No, it wasn’t. And what people were asking us to do in changing the measure and bring it forward to Budget day with that particular measure, that would just have allowed people who had potentially put in millions already in after tax contributions to just go and whack more in. So, the objective, the purpose of what I announced on Budget night is exactly what we are achieving in these measures.

SPEERS:

But you have been so definitive about this $500,000 cap. You dug in on this for months.

TREASURER:

Well, it was important that people knew that we were serious about perusing the changes to superannuation to make it more sustainable and we are demonstrating it.

SPEERS:

But why have you changed it?

TREASURER:

Because David governments implement things when they are elected and that is what we are doing now and issues were raised in the course of the election campaign and then we listened and we worked out how can we do two important things; make sure that we remain totally committed to the objective of this policy which we have done and to the Budget repair task.

SPEERS:

In hindsight would that consultation have been better to do before the election?

TREASURER:

A Budget measure is different to implementing a Budget measure. In a Budget, as you know, you don’t have the luxury of spending the last two and a half months going on a broad consultation that you then announce on Budget night. You have been here a long time and you know the way that Budgets work and what normally happens on a Budget, those measures would be announced and you would seek to take them through the Parliament and if there are variations that you might make as we have here then you would have made it in the normal course of after the Budget. Now, after the Budget we went straight to an election and that was our choice to do that and now we have been re-elected we are implementing…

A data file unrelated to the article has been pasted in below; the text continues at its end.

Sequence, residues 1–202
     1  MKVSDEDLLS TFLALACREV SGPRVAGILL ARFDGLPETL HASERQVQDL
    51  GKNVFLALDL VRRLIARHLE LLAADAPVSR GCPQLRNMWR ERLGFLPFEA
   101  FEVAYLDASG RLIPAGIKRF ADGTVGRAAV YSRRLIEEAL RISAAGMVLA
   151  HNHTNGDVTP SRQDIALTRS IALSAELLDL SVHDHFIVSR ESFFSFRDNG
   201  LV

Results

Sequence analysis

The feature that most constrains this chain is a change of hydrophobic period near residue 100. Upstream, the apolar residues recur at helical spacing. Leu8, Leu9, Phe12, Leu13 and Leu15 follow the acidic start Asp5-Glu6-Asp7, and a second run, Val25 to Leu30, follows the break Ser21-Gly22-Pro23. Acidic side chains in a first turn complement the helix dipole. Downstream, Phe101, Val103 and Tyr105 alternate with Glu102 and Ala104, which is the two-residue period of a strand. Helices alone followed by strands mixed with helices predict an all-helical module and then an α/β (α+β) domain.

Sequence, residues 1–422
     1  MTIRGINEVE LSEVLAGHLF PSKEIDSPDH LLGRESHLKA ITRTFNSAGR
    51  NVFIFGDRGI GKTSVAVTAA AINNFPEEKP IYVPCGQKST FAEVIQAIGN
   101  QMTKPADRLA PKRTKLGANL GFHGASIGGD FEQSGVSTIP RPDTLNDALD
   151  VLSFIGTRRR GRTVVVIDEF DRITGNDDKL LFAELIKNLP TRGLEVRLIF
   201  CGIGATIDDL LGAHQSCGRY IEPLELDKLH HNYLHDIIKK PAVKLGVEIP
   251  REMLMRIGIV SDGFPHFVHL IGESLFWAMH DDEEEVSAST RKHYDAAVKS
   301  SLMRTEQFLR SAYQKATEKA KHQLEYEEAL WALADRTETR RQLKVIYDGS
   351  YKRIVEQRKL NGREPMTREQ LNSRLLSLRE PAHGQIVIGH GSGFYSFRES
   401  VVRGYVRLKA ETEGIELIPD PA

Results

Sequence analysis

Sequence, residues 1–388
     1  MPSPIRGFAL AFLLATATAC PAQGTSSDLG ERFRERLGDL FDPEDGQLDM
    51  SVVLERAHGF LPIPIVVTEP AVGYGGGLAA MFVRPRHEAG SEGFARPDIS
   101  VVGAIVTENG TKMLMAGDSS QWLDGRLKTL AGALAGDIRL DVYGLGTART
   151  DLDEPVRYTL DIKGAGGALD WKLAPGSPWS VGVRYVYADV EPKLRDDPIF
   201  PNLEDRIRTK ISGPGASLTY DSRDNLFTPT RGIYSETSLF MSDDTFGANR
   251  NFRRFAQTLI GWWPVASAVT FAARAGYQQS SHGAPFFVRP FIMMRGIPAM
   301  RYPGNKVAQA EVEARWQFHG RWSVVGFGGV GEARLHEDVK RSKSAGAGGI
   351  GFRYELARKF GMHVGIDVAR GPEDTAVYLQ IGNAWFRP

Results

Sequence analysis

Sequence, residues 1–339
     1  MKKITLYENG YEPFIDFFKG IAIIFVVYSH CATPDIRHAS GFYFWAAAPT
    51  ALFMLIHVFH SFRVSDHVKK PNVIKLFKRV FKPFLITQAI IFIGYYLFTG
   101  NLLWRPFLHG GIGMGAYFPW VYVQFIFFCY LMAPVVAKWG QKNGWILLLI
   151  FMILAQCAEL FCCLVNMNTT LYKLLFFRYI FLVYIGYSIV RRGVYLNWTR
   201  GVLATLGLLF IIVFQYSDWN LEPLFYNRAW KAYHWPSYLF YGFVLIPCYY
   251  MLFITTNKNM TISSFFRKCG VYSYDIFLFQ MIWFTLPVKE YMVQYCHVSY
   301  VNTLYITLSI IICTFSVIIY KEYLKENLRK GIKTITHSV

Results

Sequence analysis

SPEERS:

That was inevitably trapping you into what you have announced?

TREASURER:

That was the plan that we were putting to the Australian people and it was the first time a Budget, in a very long time if in memory at all, that a Budget is being put directly to the Australian people. Now, that Budget was endorsed.

SPEERS:

 You did have warnings during the election campaign. It was even reported that Julie Bishop warned you and the PM and others there was going to be a voter backlash over this.

TREASURER:

Well, as we know, in Julie’s seat itself, that had the highest proportion of people affected by those changes and she got a swing towards her. Now, that’s no surprise she is a fantastic local member as well as great Deputy Leader and Foreign Minister but government is all about governing. What this week has demonstrated whether it is the Omnibus Bill, whether we are dealing with the very difficult and an issue with deep feeling on the issue of same sex marriage or indeed dealing with resolving of this issue around superannuation - all three issues mind you, that commentators, not necessarily you David, or others or our opponents said these were going to blow up the Government. Completely blow up the government, could never be done, you’ll never get the savings through, you’ll never get these superannuation issues resolved and when you even talk about same sex marriage inside the Liberal Party and the National Party it will never survive. Now, all of that has been proved to be untrue this week and it shows a government governing.

SPEERS:

You must be feeling pretty good about this outcome at the end of the week. Has this been one of your better weeks as Treasurer?

TREASURER:

Well, it is not really about that. This has been a process since the Budget. Now, I am very proud of what we handed down in that Budget. There are other measures we are now seeking to implement like the Youth PaTH initiative and you know my passion about that. The other one is company taxes and what…

SPEERS:

This was the signature policy of the election campaign. It is a ten year plan to reduce company tax for all businesses, but is that what you will actually introduce?

TREASURER:

I have introduced it. That legislation is in the Parliament.

SPEERS:

In the House?

TREASURER:

Yes. And that legislation is going to the Senate.

SPEERS:

Are you prepared to split it in the Senate though so that it’s what you might actually be able to get through which is a tax cut for those up to $10 million?

TREASURER: